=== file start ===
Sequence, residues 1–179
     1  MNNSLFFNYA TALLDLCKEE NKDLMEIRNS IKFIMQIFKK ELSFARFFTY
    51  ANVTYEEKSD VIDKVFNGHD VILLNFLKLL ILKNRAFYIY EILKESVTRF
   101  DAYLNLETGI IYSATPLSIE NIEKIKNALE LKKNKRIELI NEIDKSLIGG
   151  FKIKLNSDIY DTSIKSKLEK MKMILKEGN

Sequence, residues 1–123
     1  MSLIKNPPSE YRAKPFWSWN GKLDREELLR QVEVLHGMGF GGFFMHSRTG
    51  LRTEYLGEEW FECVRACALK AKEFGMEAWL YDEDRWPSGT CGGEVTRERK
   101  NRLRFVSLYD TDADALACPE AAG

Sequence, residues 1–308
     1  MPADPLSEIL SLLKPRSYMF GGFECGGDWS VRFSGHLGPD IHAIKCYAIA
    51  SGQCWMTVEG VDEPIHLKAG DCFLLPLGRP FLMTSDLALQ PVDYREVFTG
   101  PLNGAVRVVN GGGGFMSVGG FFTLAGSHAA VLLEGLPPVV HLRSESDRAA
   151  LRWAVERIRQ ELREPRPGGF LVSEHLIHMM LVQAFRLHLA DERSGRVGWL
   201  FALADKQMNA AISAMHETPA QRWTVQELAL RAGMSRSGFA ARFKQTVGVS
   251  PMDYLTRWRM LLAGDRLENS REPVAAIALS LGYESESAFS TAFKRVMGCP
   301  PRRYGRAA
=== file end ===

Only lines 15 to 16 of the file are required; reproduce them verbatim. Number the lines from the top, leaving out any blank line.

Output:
   201  FALADKQMNA AISAMHETPA QRWTVQELAL RAGMSRSGFA ARFKQTVGVS
   251  PMDYLTRWRM LLAGDRLENS REPVAAIALS LGYESESAFS TAFKRVMGCP